Our findings highlight the intricate relationships between overall diet pattern and symptoms of depression and anxiety. The current analysis has yielded robust findings that increased consumption of free sugars and saturated fatty acids was associated with a heightened risk of symptoms related to depression and anxiety. Previous published studies have shown inconsistent associations between saturated fatty acids or free sugars and common mental disorders. In an observational study of 12,059 Spanish university graduates, no correlation between saturated fatty acids and depression was found . A Whitehall II cohort study based on 5044 middle-aged British adults show that dietary patterns characterized by high sugar were not associated with depression . Moreover, in a prospective analysis based on 69,954 women from the Women’s Health Initiative cohort, an inverse correlation was reported between fiber intake and the risk of depression . However, we found that a moderate intake of dietary fiber was associated with a lower risk of depressive and anxiety symptoms. Conversely, inadequate or excessive dietary fiber may elevate the risk of experiencing depressive and anxiety symptoms, as evidenced by a U-shaped relationship. In observational analyses, the investigation of nutrient intake and anxiety remains limited .
The DP1 in this study, referred to as a “high-calorie diet,” was found to be associated with an increased risk of depressive and anxiety symptoms. In the present study, we found excessive consumption of butter and other animal-fat spreads, high-fat cheese, and low consumption of fresh fruit and vegetables in DP1 was significantly associated with depressive symptoms, which was in line with the previous study [12, 34]. DP2 was an abnormal dietary pattern with high intakes of saturated fatty acids mainly distributed at quintile 1 (9.4%) and remarkably high intakes of free sugars at quintile 5 (17.5%), which lead to null association with depressive symptoms in logistic regression analyses. DP2 can be named as “high sugar, low fat diet”. However, DP2 showed a significant ascending trend with depressive symptoms in the restricted cubic splines analyses, indicating that excessive intakes of high-sugar foods or drinks (e.g., sugar-sweetened beverages, table sugars and preserves) were associated with an increased risk of depression. Meanwhile, a significant non-linear association between DP2 and anxiety was found, which confirmed the U-shaped trend between nutrients and anxiety, and indicated that food intakes characterized by inadequate intakes of saturated fatty acids and excessive intakes of free sugars combined (e.g., high intakes of sugar-sweetened beverages and low intakes of high-fat cheese) increased the risk of anxiety, and this finding was not investigated ever before. DP3 is a hybrid dietary pattern that can be named as “high sugar, high fat, high fiber diet”. As against DP1, DP3 had a relatively low level of energy density (6.2% v. 8.2%) and free sugars (13.8% v. 15.1%) at quintile 5, indicating that people in DP3 quintile 5 consumed less energy-dense foods. Unfortunately, we did not find any useful interaction between DP3 and given risk factors, so the mechanism for DP1–DP3 difference is unclear.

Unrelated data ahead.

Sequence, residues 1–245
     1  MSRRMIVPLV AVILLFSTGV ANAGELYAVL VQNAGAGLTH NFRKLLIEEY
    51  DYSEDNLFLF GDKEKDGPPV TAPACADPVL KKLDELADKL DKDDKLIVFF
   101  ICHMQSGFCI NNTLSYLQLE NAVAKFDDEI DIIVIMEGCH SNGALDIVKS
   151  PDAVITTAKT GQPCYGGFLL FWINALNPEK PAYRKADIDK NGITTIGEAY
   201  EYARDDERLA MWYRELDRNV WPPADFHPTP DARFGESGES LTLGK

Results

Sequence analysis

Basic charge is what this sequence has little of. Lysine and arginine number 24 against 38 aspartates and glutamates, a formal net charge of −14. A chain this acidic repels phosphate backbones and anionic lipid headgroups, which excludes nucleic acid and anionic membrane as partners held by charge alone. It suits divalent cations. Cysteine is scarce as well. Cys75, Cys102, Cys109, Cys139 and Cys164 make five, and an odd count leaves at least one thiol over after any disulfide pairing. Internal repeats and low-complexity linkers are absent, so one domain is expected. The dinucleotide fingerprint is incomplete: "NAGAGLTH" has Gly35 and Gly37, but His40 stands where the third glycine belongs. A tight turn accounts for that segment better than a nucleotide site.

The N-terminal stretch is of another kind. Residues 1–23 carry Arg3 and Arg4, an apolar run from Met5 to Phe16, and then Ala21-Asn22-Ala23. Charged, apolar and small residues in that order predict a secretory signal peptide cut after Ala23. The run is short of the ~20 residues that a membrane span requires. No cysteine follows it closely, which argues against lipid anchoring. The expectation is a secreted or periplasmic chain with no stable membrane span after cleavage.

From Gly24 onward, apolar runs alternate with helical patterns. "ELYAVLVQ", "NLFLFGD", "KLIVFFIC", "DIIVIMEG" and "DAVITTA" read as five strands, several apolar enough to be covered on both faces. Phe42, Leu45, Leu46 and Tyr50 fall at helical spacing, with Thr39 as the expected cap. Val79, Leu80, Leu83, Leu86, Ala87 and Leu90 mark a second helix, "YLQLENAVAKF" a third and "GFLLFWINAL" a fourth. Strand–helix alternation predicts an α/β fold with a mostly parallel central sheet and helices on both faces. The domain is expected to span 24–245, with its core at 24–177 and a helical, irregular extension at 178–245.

Using the RRR approach, our findings of curvilinear relation between nutrients suggest to limit intakes of chocolate and confectionery, butter and other animal fat spreads, high-fat cheese, sugar-sweetened beverages, and other sugary drinks, table sugars and preserves, and milk-based desserts. The excessive consumption of these foods may trigger systemic inflammation, increase oxidative stress, and cause alterations in gut microbiota , thereby contributing to the risk of developing symptoms of depression and anxiety.
Several strengths should be acknowledged. A strength of this study is that we applied both self-reported scales and clinical diagnosis as the source of depression and anxiety. Besides, we did not assume linearity between dietary patterns and depression and anxiety, and we investigated links between single nutrients and depression and anxiety in the sensitivity analyses, which further supported the non-linear relationship. Furthermore, we excluded individuals with depression and anxiety at baseline to avoid reverse causation. Most importantly, we used the reduced rank regression method to obtain objective dietary scores. This approach provides a more robust and reliable analysis of the relationship between dietary patterns and mental health outcomes.